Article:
Should These People Be Put On A National “No Fly” List?
It seems since the beginning of the pandemic that a lot people are getting downright rude and cranky. None more than some that travel on our nations airlines.
Every day there seems to be another story in the news about an unruly passenger that disrupts a flight causing it to either turn around or make an unscheduled landing to remove the disruptive passenger.
Besides the inconvenience this causes for the other passengers who end up missing connecting flights, etc., the airline's flight crews are literally taking a beating. Most often it's the refusing to wear a mask, required on most flights, or just drunk and disorderly conduct.
According to Rueters, last month 3 men from New York were charged with assaulting a security officer at JFK. "viciously assaulted an airline security officer by beating him to the floor with his radio and then kicking and punching him in the face and body while he was down," U.S. Attorney Breon Peace said last month.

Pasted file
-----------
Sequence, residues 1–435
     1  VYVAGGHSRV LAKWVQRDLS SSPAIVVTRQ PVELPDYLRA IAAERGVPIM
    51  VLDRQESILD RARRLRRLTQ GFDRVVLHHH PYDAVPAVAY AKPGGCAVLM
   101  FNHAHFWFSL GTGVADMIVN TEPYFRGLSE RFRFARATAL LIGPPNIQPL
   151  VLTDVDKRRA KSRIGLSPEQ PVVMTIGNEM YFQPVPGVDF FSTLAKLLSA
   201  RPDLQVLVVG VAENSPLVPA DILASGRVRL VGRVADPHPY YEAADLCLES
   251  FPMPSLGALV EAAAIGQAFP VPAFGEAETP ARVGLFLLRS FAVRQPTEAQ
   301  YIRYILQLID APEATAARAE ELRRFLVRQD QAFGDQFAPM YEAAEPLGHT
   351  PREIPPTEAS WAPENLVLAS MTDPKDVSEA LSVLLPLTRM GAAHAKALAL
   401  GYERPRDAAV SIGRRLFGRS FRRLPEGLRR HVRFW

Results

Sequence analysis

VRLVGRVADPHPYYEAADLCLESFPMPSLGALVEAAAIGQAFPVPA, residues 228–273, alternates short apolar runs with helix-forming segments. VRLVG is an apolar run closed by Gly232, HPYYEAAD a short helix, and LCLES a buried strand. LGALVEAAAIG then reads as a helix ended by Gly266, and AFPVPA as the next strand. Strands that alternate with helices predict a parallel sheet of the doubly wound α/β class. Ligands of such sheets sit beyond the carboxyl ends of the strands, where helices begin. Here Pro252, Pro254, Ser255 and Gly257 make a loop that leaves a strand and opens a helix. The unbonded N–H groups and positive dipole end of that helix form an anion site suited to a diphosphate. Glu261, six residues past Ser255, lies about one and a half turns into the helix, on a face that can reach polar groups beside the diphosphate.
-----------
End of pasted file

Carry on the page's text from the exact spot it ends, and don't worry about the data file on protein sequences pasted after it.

Delta CEO, Ed Bastian said Delta Airlines has put about 1900 people on Delta's "no fly" list and sent over 900 banned travelers names to the TSA for possible civil penalties. Most infractions were due to failing to follow mask requirements.
Bastian claims that putting people on Delta's "no fly" list doesn't necessarily stop these people from traveling on other airlines. Delta has approached other carriers to share their "no fly" lists with all other U.S. carriers. Sharing "no fly" lists would ensure travelers "who have endangered the safety and security of our people do not go on to do so on another carrier," Bastian wrote.
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